My contributions to Hell’s Printing Press typically investigate aspects of my own job at the WBA—illustration markup—and focus on the process of textual tagging (see my earlier post about textual tagging broadly as well as studies of the tags “streams of gore” and “lunging”). Assigning tags from our list of terms is both an illuminating and challenging process as Blake continually experimented with new iconography, forms, and materials. Tagging specific figures from literature, religion, and Blakean mythology often involves research to identify characters such as Lamech, Libicoco, and the “nameless shadowy female.” However, some of the most difficult tags to assign, I have found, are those associated with mental states and emotions.
The WBA search term vocabulary includes many terms associated with emotions: proud, fear, anger, melancholy, terror, exhausted, envious, surprise, and grief, among others. Examining the similarities between the designs provides insight into how Blake crafted iconography associated with emotional states as well as how we, as WBA editors and project assistants, interpret facial expression, body position, and action in relation to certain emotions. For example, when searched, the term “ecstasy” appears as a text tag in five separate works. Four are related to Blake’s illustrations for The Book of Job either as finished works or preparatory designs. Ecstasy, here, becomes associated with religious ecstasy and a particular cruciform posture with arms extended horizontally. Moreover, in all four works, the fiery altar behind Job also contributes, at least implicitly, to this understanding of ecstasy as hot and passionate (more in line with the term’s erotic connotations) in addition to its religious associations as an almost trance-like state. The addition of the blazing sun above the altar in the engraved image only furthers this association of ecstasy with a fiery, divine, passionate heat or light.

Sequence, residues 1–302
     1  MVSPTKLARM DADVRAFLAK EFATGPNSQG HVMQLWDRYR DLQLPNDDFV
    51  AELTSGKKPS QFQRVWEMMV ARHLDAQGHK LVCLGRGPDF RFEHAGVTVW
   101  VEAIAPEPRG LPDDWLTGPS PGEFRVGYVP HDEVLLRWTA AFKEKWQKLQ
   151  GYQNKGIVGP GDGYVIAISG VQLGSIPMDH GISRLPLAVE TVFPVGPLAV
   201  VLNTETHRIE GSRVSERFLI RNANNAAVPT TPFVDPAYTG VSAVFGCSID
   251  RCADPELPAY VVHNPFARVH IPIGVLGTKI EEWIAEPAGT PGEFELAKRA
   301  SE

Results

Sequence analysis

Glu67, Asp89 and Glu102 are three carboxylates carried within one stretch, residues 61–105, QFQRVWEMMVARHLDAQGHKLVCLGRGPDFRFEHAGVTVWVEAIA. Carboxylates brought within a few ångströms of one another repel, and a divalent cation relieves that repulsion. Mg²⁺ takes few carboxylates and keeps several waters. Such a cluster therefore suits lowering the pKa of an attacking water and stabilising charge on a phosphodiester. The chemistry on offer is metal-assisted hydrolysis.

Clockwise from top left: Illustrations to The Book of Job, object 20; Illustrations to The Book of Job, The Butts Set, object 18; Illustrations to The Book of Job, The Linnell Set, object 18; Sketchbook containing drawings for the Illustrations to The Book of Job, object 24.
Indeed, Blake admired the work and life of St. Teresa of Ávila, a Spanish mystic known for her ecstatic visions, and he references Teresa as a guardian of the gate of Beulah in Jerusalem. He may have been familiar with Bernini’s famous Ecstasy of Saint Teresa (1647-52), as engraved reproductions of the work, such as this example by Benoist Thiboust, were circulating in London in the late eighteenth century. Bernini’s sculpture similarly blends religious and erotic ecstasy in the saint’s body position and expression. Like Blake’s incorporation of fire and sun, Bernini also privileged light in his representation by illuminating the work with a hidden window for natural light, magnified by the gilded stucco rays in the background. Thus, Blake’s iconography of religious and erotic ecstasy would have been recognizable to many viewing the illustration to The Book of Job.
Left: Jerusalem the Great Emanation, copy F, object 72, c. 1827. Right: Gian Lorenzo Bernini, Ecstasy of Saint Teresa, 1647-52, Santa Maria della Vittoria, Rome.
The final work in the WBA that includes “ecstasy” as a text tag, object 14 from Milton a Poem, copy A, also simultaneously suggests both religious and sexual ecstasy. As in the previous designs, the ecstatic figure extends his arms horizontally in a cruciform posture. He also arches backward and spreads his legs. The illustration description explicitly notes the ambiguity of the ecstasy: “This posture suggests crucifixion or a moment of ecstasy, religious and/or erotic.” The description suggests that the figure is William Blake himself in the moment that Milton, in the form of a comet, descends into his tarsus—a moment narrated in the plate’s text, lines 48-51.
Milton a Poem, Copy A, object 14, c. 1811 (detail at right)
By depicting himself in a moment of ecstasy, Blake further expands his understanding of the emotional state to include reading and writing, here in relation to Milton. His encounter with the famed English author is represented as not just intellectual but highly physical—and likely painful—as well as emotional, even erotic. An investigation of “ecstasy” as a search term, then, allows us to examine how Blake experimented with its iconography in relation to religion, sexuality, artistic precedent, and his own ecstatic experience of reading, writing, and creating art.